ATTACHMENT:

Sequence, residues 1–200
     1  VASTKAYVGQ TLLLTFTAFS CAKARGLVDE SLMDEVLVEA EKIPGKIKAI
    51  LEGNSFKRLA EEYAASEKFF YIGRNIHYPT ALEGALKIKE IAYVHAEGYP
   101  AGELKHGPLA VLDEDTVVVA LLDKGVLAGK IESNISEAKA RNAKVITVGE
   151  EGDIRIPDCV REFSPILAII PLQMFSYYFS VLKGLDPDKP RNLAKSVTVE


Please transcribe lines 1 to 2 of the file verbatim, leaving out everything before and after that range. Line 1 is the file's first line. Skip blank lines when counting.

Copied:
Sequence, residues 1–200
     1  VASTKAYVGQ TLLLTFTAFS CAKARGLVDE SLMDEVLVEA EKIPGKIKAI